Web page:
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How to handle blank data cells in accessible tables

This is a question that has been asked quite a bit over the past few months. “How do I handle blank cells in my tables?” The answer is two-fold. There are blank data cells and blank heading cells. Each require a different approach. In addition, we have to remember is that we cannot control how a document is interpreted. We can only strive to provide the most robust user experience possible in keeping with the P.O.U.R. principals of accessibility. Perceivable, Operable, Understandable, and Robust. The user experience will differ depending on what screen reader they use and to what level of verbosity their settings are adjusted.

Blank Heading Cells

We can say with certainty that there should never be a blank heading cell. Heading cells are what drives the logic of a table. Each column or row has an identifier that cues the reader in on the relationship of the data in the table. This relates directly to WCAG Success Criteria 1.3.1 on Info and Relationships. This is directly addressed in F90: Failure of Success Criterion 1.3.1 for incorrectly associating table headers and content via the headers and id attributes.

Table with 4 columns and 7 rows with the title of the table in the first cell of the first row.
Figure 1.0: Table with incorrect format and title in the A1 cell.

The table in Figure 1.0 demonstrates a typical table where the title has been placed in the A1 cell instead of a column heading. The incorrectly placed table creates a confusing user experience and should be avoided. Your table titles should be placed in a <caption>, <heading> or <p> tag and should follow a pattern of placement. Although placing the caption before the chart or graphic is preferred they should be consistent throughout your document.

In Figure 2.0 below we can see that the first row only has three columns but the subsequent rows all have 4. This will definitely throw PAC 3 errors and does not conform to PDF/UA-1 and creates a confusing user experience.

Table showing four columns and 7 rows. The heading row only has three columns when it should have 4.
Figure 2.0: Table structure showing the missing column in the first row.

Although this table is not a perfect table and shows a variety of unrelated data, the reality is this is fairly typical when receiving documents for remediation. So how would you fix this? See figure 3 below. We add the cell back in. Then we figure out an appropriate heading for the column. Then we move the title up had give it an appropriate tag. So at this point we have a validating table. This table could definitely use a re-work. But when it is our job to simply make it validate, this would be a fair approach.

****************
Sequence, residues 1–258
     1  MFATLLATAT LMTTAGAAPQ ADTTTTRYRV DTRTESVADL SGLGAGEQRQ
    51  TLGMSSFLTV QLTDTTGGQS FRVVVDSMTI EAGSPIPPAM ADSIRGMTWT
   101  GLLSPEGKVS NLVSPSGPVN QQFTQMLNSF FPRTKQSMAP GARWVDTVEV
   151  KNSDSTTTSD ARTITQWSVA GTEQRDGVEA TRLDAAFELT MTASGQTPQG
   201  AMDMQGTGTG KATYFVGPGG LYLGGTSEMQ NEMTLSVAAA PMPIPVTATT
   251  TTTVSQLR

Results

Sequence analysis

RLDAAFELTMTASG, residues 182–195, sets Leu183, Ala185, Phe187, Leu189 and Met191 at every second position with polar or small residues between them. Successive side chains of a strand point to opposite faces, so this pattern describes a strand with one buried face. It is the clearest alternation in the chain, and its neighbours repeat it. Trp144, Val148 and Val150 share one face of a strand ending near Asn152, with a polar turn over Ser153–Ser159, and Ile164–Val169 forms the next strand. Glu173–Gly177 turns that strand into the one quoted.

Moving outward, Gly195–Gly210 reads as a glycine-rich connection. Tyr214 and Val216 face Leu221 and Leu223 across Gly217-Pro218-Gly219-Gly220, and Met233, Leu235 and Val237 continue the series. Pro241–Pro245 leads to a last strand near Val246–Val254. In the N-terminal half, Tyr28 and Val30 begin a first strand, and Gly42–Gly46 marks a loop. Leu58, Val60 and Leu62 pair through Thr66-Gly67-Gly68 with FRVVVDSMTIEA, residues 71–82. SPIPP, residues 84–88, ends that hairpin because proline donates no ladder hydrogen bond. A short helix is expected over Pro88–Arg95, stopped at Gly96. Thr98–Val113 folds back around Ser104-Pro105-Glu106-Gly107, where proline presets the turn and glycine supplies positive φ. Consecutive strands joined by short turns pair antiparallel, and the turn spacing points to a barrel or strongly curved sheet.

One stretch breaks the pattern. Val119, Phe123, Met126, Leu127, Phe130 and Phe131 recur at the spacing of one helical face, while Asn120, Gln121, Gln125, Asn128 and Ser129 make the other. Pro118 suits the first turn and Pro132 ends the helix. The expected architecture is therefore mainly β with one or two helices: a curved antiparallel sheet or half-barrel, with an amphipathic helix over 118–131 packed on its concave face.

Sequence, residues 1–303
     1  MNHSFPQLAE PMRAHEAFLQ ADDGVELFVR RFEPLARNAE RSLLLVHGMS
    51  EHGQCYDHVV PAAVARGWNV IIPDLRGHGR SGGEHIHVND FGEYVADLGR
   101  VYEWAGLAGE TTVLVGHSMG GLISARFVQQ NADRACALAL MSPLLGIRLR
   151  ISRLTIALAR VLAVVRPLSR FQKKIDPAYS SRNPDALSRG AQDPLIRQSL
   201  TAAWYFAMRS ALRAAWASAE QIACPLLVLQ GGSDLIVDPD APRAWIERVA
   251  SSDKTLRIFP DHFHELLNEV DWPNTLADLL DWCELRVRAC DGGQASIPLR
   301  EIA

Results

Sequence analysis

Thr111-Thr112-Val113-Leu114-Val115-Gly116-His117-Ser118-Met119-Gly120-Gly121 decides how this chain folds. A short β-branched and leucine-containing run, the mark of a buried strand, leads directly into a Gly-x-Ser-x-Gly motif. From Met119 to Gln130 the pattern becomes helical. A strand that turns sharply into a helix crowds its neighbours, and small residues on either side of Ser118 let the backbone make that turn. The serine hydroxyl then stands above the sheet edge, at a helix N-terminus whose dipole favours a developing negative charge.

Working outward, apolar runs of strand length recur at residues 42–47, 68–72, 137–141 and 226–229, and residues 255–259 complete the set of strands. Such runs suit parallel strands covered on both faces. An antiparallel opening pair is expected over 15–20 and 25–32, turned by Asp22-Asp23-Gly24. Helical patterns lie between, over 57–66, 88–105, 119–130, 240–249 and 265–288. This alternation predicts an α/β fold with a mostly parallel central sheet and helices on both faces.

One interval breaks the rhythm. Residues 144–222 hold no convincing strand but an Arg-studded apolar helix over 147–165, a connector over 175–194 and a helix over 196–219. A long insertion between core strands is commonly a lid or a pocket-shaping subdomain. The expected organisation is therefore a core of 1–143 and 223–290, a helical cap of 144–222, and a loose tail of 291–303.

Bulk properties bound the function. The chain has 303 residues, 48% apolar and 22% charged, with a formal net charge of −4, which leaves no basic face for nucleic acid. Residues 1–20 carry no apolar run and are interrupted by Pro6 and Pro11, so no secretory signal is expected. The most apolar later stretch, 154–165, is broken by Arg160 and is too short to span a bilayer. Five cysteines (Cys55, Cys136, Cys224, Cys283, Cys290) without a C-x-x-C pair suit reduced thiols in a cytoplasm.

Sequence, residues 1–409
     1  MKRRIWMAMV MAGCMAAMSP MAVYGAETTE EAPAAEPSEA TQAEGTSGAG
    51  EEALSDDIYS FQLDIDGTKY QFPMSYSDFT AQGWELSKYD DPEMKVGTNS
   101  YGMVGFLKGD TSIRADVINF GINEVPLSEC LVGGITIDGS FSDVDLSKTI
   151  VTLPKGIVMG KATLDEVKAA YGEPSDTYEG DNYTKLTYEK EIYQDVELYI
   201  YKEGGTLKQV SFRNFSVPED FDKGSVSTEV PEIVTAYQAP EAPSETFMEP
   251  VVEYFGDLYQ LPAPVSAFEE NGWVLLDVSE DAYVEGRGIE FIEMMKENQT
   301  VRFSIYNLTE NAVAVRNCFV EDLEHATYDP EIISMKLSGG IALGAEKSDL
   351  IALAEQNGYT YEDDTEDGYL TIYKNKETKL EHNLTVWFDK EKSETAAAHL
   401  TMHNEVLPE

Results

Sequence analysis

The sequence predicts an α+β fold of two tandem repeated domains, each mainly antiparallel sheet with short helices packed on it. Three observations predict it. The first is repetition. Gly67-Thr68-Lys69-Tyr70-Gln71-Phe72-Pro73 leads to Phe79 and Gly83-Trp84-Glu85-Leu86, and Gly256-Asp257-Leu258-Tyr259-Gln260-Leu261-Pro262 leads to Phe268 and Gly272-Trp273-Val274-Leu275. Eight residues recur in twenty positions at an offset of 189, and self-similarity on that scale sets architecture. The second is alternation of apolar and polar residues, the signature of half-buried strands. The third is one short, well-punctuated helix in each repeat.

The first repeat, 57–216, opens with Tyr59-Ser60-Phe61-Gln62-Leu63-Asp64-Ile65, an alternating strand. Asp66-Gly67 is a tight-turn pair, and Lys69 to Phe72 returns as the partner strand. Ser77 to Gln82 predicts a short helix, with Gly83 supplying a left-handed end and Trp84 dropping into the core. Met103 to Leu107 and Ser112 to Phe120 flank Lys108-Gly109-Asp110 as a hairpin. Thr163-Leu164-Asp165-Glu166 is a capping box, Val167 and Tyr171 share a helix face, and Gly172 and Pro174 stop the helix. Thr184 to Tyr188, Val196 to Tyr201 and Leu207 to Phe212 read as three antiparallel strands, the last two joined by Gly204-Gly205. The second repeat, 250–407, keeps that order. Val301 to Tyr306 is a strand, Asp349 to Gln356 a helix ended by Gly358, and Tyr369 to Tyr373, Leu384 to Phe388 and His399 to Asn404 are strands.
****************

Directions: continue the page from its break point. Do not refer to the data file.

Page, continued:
The same table as in figures 1.0 and 2.0 but with validating tables and columns
Figure 3.0: Valid table with appropriate columns and headings.

Blank Data Cells

Blank data cells can be approached differently. It is not uncommon to have a zero or null value for a table cell. The problem is that different screen readers handle them differently. JAWS will voice “blank” when it comes across a blank cell in a table. However, NVDA will not voice anything. So, we have to add something to tell the user there is no associated value in order to provide a robust user experience. We often see things like n.a., no value, null, zero, or a hyphen. The table below shows how NVDA and JAWS read several different approaches.

NOTE: One of the most curious things to note is that if you use a hyphen in a table, NVDA will not voice anything.

Alternative Values JAWS NVDA
n/a En slash Uh En slash A
N.A. N dot A N dot A
Na Nah En A
  blank Nothing voiced
Not applicable Not applicable Not applicable
No value No value No value
Dash Nothing voiced
0 Zero Zero

As you can see from the table above the results vary depending on the approach. When you have the ability to set the value, several of the approaches above could be an alternate solution. But what do you do when you do not have the ability to change the text on the page?

What to do when you cannot edit the value displayed?

When we are working with financial documents or other legal documents where the visual data cannot be altered, the option to change the text in the cell is not possible. The good thing is that we have the ability to set how the screen reader voices a cell though the use of alternative text or actual text. Either one will give you the same results.

How to set Actual or Alternate Text

  1. Find the cell with the blank box in the tags tree
  2. Right click and select Properties
  3. Add the appropriate word into the Actual Text or Alternate Text field.
Dual Screenshots showing the context menu with Properties Selected and the subsequent pop-up window for setting the actual or alt-text.


I hope this gives you some insight into how to handle tables with blank values. The approach you take will depend a lot on your situation. The one thing we definitely know is that all tables should have appropriate headings to enable the user to have specific information as to where they are in the table for any given cell. It is our duty to ensure the best user experience possible. Access to information should not be a detective hunt. It should be clear, logical, and programmatic. Not to mention, it is the right thing to do. If you have comments or questions about any of these approaches, feel free to leave a comment. I answer every one of them. Happy tagging!

-Dax Castro
Certified PDF Accessibility Trainer

Published in PDF Remediation